The balanced GC policy addresses a different problem than the metronome collector but also falls within the category of technologies designed to provide more consistent performance.  The balanced policy targets the problem of collecting very large, multi-gigabyte heaps (ranging from several GB up to 100s of GB).  This policy also divides GC work into smaller portions, but does it differently than the metronome collector.  Rather than dividing the work into smaller time packets as metronome does, the balanced policy partitions a large heap into smaller subsections which can be collected independently (also called a region based collector).  By dividing the heap into many smaller independent regions, the balanced collector can tailor the heap based on characteristics of both the hardware as well as the nature of the different kinds of objects the application allocates.  While the balanced policy does not ensure consistency to the same degree as the metronome policy, for very large heaps, even over 100 GB, the balanced policy can maintain GC pause times within a few hundred milliseconds.  Notice, in the fourth timeline in Figure 3, that the pause times are not all the same length because this collector does not necessarily do the same amount of work in every GC pause. Nonetheless, the GC pauses consistently complete within a few hundred milliseconds even though the heap used with this collector may be orders of magnitude larger than the heaps typically used with the other collectors.

Focus on Consistent Performance

Finally, for applications that must ensure extremely high levels of consistency, such as real-time systems, WebSphere Real Time includes additional specialized support selected by the -Xrealtime command-line option when running on a real-time operating system such as Red Hat's MRG or Novell's SLERT.  On such platforms, the metronome collector is used to provide extremely short GC pauses, consistently below 1ms and often as short as a few hundred microseconds.  With Ahead Of Time (AOT) compiled code, pauses introduced by sharing CPU cores with compilations on the Just In Time compiler thread can be eliminated, but this typically has an overall impact on performance due to the inherent complexity to generate Java compliant AOT code[2].  Alternatively, the Just In Time compiler has also been adapted to interfere less with Java application activities, especially those that have been modified to take advantage of the features of the Real Time Specification for Java (RTSJ).  On this platform, WebSphere Real Time is fully RTSJ compliant which provides access to a variety of new Java APIs to gain stricter control over thread scheduling, implement realistic event processing, handle task deadline failures in robust ways, create Java code that can run during a GC cycle, and others[dev works articles].  All of these facilities are provided within the Java 7 programming model.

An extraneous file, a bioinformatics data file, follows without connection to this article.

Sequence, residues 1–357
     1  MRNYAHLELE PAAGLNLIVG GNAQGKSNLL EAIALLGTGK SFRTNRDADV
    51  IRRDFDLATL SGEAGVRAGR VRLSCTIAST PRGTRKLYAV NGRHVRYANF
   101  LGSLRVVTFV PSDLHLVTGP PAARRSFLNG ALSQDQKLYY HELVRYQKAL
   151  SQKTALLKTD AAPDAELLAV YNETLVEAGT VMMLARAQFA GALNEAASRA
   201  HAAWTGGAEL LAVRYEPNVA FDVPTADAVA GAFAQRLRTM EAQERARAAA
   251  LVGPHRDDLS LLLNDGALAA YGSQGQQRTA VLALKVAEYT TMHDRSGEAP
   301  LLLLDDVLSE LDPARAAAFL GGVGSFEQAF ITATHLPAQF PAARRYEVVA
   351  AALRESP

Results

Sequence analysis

Wrap Up

When asked whether an application requires high performance or consistent performance, most of us probably wonder “Why do I have to choose?”. Like any situation where you try to achieve two goals at the same time, however, getting higher performance may mean you get less consistent performance, or vice versa. Expert tuning can help, but if you don't start with a Java runtime that's capable of meeting your application's needs, you probably won't meet all your goals, which forces a trade-off: if you can't get both, do you want high performance or consistent performance? For a large number of applications, a realistic answer to this trade-off question is some variant of “I think I want consistent performance but I need high performance”, which has had a direct influence on how Java runtimes have evolved over time. Java performance has improved immensely over the last decade or so, and while many applications are still hungry for faster performance, the importance of consistent performance for better service quality and resource planning has also grown.

Many applications need to strike some balance between consistent and high performance, but getting that proper balance across a wide range of applications requires a Java runtime designed to offer different trade-offs between high and consistent performance. With the latest version 3.0 of the IBM WebSphere Real Time product, there is now significantly more flexibility available across projects and across organizations to cost effectively apply the technologies that best suit each of their applications' needs individually without the need to split effort and costs across multiple Java runtimes. Because IBM WebSphere Real Time is completely built on open standards (for example, WebSphere Real Time offers fully compliant implementations of both the Java 7 language specification and the Real Time Specification for Java 1.0.2), you can replace the Java runtime underneath all your Java applications with IBM WebSphere Real Time to take advantage of its features without any modification to your applications. Best of all, you can try out IBM WebSphere Real Time for free (without support) by downloading it from the developerWorks site[3][4].

[1]    Real-time Java, Part 1: Using Java code to program real-time systems. Mark Stoodley, Mike Fulton, Michael Dawson, Ryan Sciampacone, John Kacur. .

[2]    Real-time Java, Part 2: Comparing Compilation Techniques.  Mark Stoodley, Kenneth Ma, Marius Lut. .

[3]    Linux JDK download site.  Scroll down to look for the “WebSpere Real Time V3” under “Java SE Version 7” to find “Linux on 32-bit x86”, “Linux on 64-bit x86”, or “RT Linux on 32-bit x86” (Real-Time) installation packages. .  You will need to register for a free IBM id to download the packages.

[4]    AIX JDK download site. Scroll down to look for the “WebSphere Real Time V3 on AIX” section to find “AIX for 32-bit POWER” or “AIX for 64-bit POWER”. .  You will need to register for a free IBM id to download the packages.

IBM and WebSphere are trademarks of International Business Machines Corporation, registered in many jurisdictions worldwide.
Java and all Java-based trademarks and logos are trademarks or registered trademarks of Oracle and/or its affiliates.